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Online video conferences are the target of 'Zoom-bombings' amid coronavirus crisis

Cyber Security Professor Andrew Rozema shares tips to protect your online Zoom meeting from 'Zoom-bombing' attacks

GRAND RAPIDS, Mich. — Now that most of the nation's workforce is dialing into the office from home, more and more companies hold team meeting in online video conferencing spaces, like Zoom. Now internet trolls and hackers have figured out how to 'zoom-bomb' those meetings. 

“Zoom bombing is when some nefarious user, somebody takes advantage of the permissions you have accidentally given them to get up to no good, to cause trouble in your zoom meeting.”

Professor Andrew Rozema is the Director of Grand Rapids Community College Center for Cyber Security Studies. He says the 'Zoom room' is where participants are most vulnerable to 'Zoom bombing' attacks. He says if you're posting a Zoom meeting ID to a public site like Facebook or Twitter, set the password requirement for participants to join. 

“There were some shenanigans that went down at a church where they invited the entire congregation and those links were on social media,' he says. "Then people joined in and started taking advantage of their ability to change the background, to share their screens and content, and present things that really, let’s just day was not the nicest content.”

For additional information about 'zoom-bombing' Professor Rozema recommends this blog post. He says for educators, here are recommendations to secure virtual classrooms.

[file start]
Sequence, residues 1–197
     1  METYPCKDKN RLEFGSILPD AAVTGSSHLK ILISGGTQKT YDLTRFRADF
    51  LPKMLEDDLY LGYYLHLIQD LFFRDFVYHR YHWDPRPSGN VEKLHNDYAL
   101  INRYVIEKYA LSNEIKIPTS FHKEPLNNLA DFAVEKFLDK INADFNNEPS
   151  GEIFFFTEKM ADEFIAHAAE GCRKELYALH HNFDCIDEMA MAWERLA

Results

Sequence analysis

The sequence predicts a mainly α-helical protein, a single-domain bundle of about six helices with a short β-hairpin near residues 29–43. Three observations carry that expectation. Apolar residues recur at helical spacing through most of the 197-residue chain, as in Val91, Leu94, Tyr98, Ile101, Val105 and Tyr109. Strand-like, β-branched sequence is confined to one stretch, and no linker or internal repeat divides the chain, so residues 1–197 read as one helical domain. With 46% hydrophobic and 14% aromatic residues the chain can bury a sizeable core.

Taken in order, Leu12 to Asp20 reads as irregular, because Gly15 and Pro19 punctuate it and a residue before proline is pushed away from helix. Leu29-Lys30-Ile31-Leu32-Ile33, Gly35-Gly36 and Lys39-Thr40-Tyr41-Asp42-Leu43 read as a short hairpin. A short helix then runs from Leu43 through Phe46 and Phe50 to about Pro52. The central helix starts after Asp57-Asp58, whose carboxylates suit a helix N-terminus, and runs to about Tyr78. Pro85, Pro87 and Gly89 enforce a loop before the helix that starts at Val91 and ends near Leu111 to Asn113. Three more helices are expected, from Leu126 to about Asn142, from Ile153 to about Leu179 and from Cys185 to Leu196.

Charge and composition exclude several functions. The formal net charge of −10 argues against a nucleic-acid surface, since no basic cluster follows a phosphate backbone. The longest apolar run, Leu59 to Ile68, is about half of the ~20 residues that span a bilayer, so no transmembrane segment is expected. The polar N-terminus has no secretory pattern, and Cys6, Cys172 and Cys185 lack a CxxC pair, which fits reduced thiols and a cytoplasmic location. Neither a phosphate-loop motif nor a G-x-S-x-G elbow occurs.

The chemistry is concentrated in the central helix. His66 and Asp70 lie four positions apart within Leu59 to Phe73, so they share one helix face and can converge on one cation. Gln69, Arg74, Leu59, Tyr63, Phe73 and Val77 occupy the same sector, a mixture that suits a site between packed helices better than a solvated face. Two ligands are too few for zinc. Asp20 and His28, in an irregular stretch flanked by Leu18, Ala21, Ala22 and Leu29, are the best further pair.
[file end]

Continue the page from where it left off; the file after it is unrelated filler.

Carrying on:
RELATED: Politicians rely on 'virtual' meetings and at-home work as pandemic continues

According to Professor Rozema, other than presenting an annoyance, zoom-bombing is not a dangerous threat to cyber security. That doesn't mean however, that working from home is 100% secure. Using personal laptops or devices can make users vulnerable to cyber attacks.

“Personal devices, your phone your iPad you should be taking good precautions with using your passwords, you should be leery of connecting to public wireless access points if you can avoid it," says Professor Rozema. Make sure that when iOS tells you its time to update that phone or android pushes an update to you that you take those seriously get them done. Take the usual precautions that I would recommend as just good home cyber hygiene.”

Instead, he recommends using office issued equipment to comment to the Virtual private network. And remember to thank the company IT department for protecting the organization from trolls and hackers. 

“Silent heroes of your IT department, the people who saved you from the Y2K bug even though nobody admits it, the good work they’re doing is what you have to lean on. And depending on how they set things up, if they're sending you home with an office owned laptop that they can control,  they brace men and women of the IT department have probably got you set up in a pretty good place.”

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